In spite of all the pessimism, however, the book is also thankfully sprinkled with little anecdotal pockets of uplifting moments. I enjoyed for example, reading about Vonnegut’s trips to the post office and how much he enjoyed meeting and talking to others waiting in line. And how he was “in love” with the cashier:

“I am secretly in love with the woman behind the counter. She doesn’t know it. My wife knows it. I am not about to do anything about it. She is so nice. All I have ever seen of her is from the waist up because she is always behind the counter. but every day she will do something with herself above the waist to cheer us all up. Sometimes her hair will be all frizzy. Sometimes she will have it ironed flat. One day she wore black lipstick. This is all so exciting and generous of her, just to cheer us up, people from all over the world.”

I wonder if this woman ever read this book or knows she has been made famous in a small way. This also reminded me a little of the scene in his book, Jailbird, where a man walks into a coffee shop and finds kind of an oasis of gentle, comforting humanity. I’ve written about this before .

Another section I really liked was when Vonnegut compared his two uncles. One uncle (Dan) seemed to be just the kind of blowhard that he despises. He relates a scene that took place after the author had returned from World War II, and Uncle Dan kind of slaps him in the back and proclaims, “Well, you’re a man now!” (“So I killed him.” Vonnegut jokes)

By contrast, there is his “good uncle” Alex, whose principal complaint about his fellow human beings was that they “so seldom noticed it when they were happy.” He goes on to relate how Uncle Alex would occasionally, such as when the family was all sitting around sipping lemonade on a beautiful day, interrupt the others and say, “If this isn’t nice, I don’t know what is!” Vonnegut continues by telling us that he has taken up the banner of his uncle and makes sure he says this occasionally too, as do his children and grandchildren. He urges us to do the same.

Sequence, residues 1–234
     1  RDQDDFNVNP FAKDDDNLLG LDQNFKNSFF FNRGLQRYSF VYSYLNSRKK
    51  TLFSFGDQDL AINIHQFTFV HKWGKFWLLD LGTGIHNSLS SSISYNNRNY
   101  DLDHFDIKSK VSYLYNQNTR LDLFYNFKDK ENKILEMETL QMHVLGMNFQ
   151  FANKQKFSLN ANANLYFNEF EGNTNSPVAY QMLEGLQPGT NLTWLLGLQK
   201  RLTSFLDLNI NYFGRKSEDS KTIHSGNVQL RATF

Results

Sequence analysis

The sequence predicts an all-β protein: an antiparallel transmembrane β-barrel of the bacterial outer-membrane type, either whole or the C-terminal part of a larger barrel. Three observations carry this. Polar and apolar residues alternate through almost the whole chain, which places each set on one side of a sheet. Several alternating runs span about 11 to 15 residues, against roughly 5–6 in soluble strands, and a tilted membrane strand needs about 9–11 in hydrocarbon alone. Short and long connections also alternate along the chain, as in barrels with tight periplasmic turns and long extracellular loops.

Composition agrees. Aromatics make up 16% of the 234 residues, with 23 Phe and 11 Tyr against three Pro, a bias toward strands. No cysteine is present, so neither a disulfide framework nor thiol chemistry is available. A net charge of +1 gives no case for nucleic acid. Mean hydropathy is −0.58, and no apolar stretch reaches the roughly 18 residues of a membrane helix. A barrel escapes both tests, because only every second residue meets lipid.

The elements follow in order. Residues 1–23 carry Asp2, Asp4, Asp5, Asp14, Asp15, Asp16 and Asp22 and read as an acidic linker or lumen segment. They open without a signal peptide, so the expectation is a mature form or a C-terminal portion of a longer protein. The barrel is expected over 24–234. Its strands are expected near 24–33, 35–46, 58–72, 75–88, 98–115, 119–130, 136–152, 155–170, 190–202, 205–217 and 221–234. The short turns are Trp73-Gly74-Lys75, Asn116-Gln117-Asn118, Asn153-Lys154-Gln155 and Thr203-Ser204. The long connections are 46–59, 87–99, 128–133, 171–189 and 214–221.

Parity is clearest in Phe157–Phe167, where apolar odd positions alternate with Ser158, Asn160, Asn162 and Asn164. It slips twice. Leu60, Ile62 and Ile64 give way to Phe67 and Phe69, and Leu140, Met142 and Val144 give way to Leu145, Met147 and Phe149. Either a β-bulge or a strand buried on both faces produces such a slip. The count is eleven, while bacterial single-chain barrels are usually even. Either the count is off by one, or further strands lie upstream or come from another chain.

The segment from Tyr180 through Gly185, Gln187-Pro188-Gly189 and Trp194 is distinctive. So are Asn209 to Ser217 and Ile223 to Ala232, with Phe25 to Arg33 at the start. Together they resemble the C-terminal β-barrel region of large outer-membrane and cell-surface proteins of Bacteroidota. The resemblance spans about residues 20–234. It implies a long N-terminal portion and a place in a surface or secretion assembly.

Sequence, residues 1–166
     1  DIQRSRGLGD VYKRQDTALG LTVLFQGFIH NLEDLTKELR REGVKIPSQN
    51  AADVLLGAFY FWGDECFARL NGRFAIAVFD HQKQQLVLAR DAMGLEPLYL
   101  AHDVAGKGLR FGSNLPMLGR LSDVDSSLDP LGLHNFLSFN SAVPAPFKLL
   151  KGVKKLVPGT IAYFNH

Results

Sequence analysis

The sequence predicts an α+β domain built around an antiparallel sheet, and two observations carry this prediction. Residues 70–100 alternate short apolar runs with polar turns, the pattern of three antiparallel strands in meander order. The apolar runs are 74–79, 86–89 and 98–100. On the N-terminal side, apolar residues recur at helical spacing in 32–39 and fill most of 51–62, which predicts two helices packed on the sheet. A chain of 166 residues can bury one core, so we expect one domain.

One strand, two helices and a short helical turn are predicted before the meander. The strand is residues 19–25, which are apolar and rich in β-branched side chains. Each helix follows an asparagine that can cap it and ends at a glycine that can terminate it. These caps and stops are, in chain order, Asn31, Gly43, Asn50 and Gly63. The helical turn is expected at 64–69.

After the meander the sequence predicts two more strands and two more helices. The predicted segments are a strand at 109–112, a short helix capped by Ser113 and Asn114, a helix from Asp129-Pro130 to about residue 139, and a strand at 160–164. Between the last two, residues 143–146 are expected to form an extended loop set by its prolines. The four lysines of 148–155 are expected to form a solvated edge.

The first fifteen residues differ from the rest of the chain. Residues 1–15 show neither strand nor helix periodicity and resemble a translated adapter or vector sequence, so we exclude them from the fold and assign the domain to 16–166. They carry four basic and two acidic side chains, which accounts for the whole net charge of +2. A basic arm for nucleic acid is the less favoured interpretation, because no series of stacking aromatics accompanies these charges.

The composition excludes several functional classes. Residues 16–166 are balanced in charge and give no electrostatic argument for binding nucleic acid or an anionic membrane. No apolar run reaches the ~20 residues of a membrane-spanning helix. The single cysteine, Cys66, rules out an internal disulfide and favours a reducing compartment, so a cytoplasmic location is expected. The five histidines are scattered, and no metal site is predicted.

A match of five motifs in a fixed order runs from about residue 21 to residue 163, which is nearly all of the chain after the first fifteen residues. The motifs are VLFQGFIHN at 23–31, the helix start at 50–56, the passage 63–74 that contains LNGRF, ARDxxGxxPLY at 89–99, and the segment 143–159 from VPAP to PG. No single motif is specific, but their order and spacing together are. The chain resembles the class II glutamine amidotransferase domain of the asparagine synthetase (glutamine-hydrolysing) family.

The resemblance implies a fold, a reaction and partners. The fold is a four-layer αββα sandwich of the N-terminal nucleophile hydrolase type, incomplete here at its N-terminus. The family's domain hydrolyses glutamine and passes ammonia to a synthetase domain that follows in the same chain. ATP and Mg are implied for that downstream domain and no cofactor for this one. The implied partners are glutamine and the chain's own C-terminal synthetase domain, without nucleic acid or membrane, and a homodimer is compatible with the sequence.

I suppose if I were a witty fellow I would have said those words sometime during our club’s meeting last thursday. If those monthly meetings aren’t nice, I don’t know what is. They are almost invariably a struggle for me to get to, as they are held in the middle of the day on a weekday I have to tear myself away from work – and whatever the “crisis du jour” is that always seems to be going on – for a few hours (commute downtown time, meeting time, grab a bite to eat time – it adds up), but they always end up being kind of an oasis of thoughtful reflection, discussion, and culture in the midst of my daily version of the rat race. The meetings always seem to end far too soon, and I hate having to return to work afterward.